Here’s an old story I like to tell: Once there was a man trapped in a cave. The man could see a glint of light high above him and he kept trying to reach it, scrabbling at the walls of the cave in the pitch black. He never found the way out: he died in the dark.
One day long after, some other man came to the cave. When they rolled away the rock, light flooded in. And they found the prisoner’s bones lying on the ground. Right near the bones was an enormously long tunnel that led up and out of the cave. The prisoner hadn’t been able to see it; the way out was right in front of him and he had died because he couldn’t see it.
For people brought up in dysfunctional family systems, the healing process is often simply learning to see through our own darkness to what is right in front of us. We have to be taught to see the way out of destructive behaviors we were set up for in childhood. We have to go into the darkness to get to the light – the only way out is through it. And the way through dysfunctional behavior can be painful.
The idea of healing is the idea of regaining the lost child in each of us, the child as she or he was before learning the lessons of the dysfunctional family.
The idea is not to blame anybody.
We’re not going to go back and blame our parents. The model of the family system, as I see it, is circular: One person’s actions affect all the people in the system; the system thrives on feedback. The way through emotional sickness to health involves taking responsibility for our own actions and feelings now that we are adults ourselves.
Many of us are unaware of feelings we have had for years, feelings so thoroughly internalized that we don’t kno0w they are ruling our lives, coloring our perceptions and shaping our actions. And often we didn’t choose those feelings when we were children.
It isn’t that we have lost our own identity; it’s that we never had an identity of our own in the first place. It isn’t that a man, for example, has lost touch with the little boy inside who once knew how to love; it’s that the little boy was never shown a fulfilling love model in his parent’s behavior, so he never learned ho to love. The man, therefore, may have deeply conflicting feelings about showing – or even admitting – his love.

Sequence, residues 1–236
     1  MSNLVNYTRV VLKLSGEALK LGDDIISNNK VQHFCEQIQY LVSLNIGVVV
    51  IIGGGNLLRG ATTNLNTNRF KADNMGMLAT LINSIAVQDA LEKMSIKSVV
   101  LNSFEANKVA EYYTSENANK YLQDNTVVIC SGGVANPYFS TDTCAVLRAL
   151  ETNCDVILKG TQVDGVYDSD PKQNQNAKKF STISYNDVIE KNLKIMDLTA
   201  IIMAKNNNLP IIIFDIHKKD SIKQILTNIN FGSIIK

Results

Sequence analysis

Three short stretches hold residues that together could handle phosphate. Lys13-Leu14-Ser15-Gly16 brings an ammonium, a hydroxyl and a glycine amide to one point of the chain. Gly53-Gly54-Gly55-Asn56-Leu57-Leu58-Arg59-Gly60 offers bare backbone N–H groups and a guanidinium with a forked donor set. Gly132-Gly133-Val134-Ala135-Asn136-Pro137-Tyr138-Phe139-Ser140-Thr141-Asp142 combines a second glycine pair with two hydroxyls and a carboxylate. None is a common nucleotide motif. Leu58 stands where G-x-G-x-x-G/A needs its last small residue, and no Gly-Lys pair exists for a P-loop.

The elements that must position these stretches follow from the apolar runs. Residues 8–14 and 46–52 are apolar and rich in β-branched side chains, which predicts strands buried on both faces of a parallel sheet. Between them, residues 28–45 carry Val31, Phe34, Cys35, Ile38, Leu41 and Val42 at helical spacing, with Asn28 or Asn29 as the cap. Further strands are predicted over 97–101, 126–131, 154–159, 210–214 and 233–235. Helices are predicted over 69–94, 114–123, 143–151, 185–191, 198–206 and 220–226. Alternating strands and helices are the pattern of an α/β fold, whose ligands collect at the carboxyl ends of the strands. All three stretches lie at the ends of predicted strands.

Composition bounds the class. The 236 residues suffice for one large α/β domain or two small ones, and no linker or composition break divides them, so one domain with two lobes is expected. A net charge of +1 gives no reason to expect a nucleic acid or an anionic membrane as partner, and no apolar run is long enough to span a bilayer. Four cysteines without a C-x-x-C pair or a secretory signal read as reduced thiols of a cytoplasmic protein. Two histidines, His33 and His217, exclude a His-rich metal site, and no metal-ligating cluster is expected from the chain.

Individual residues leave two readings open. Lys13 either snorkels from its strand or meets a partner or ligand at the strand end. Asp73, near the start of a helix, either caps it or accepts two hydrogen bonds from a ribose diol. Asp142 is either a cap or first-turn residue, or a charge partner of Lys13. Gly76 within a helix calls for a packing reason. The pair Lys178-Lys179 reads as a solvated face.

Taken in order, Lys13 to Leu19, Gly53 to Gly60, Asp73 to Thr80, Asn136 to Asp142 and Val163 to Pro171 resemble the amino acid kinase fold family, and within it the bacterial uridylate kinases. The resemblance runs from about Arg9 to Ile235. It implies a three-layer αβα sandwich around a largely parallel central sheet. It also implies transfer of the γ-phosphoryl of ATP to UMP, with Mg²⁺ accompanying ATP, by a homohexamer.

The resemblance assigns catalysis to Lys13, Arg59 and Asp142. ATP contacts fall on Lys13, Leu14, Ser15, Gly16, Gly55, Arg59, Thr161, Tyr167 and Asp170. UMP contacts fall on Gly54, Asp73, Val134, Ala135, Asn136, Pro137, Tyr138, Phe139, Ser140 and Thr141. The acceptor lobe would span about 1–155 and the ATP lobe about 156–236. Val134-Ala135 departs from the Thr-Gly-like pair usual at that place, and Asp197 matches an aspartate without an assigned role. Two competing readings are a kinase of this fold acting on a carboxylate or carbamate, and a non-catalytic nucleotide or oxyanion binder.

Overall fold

For many of us the little child (the root of what we really are) got lost when we couldn’t be spontaneous anymore, but instead had to adapt to a dysfunctional family system. In children the private self is very large and the public self very small. Tiny children don’t really care much about what others think of them, because they cannot assimilate the concept of public shame. As the child gets older the private self-shrinks and the public self gets much wider, until in adulthood the public self has pretty much taken over, leaving only a small area that is completely private.
Over the years a child develops layers and layers of denial and avoidance of her own needs, in order to meet the needs of her public self, particularly as she is perceived and perceives herself in the family structure.
And if the family structure is unhealthy- if her parents are caught up in addictive and codependent roles, or any other kinds of mutually abusive roles-there will be so much avoidance that the grown-up woman will be completely unable to see herself as she really is, to recognize her feelings as her own. And she certainly won’t know what to do to regain her sense of self. She will be lost in the dark.
At the root of avoidance is shame. Psychotherapist Erik Erikson says that shame grows out of the feeling of having eyes on you when you are too young to understand what those eyes on you mean. That feeling suddenly interrupts the child’s personal, private experience, and it correlates with nothing else that has gone before. It distorts her reality, irrevocably.
Shame can arise from many courses, of course, and it doesn’t always have to be debilitating, but if it is repeated over and over throughout childhood, the spontaneous child learns not to be spontaneous anymore. She learns to internalize her emotions in order to avoid shame.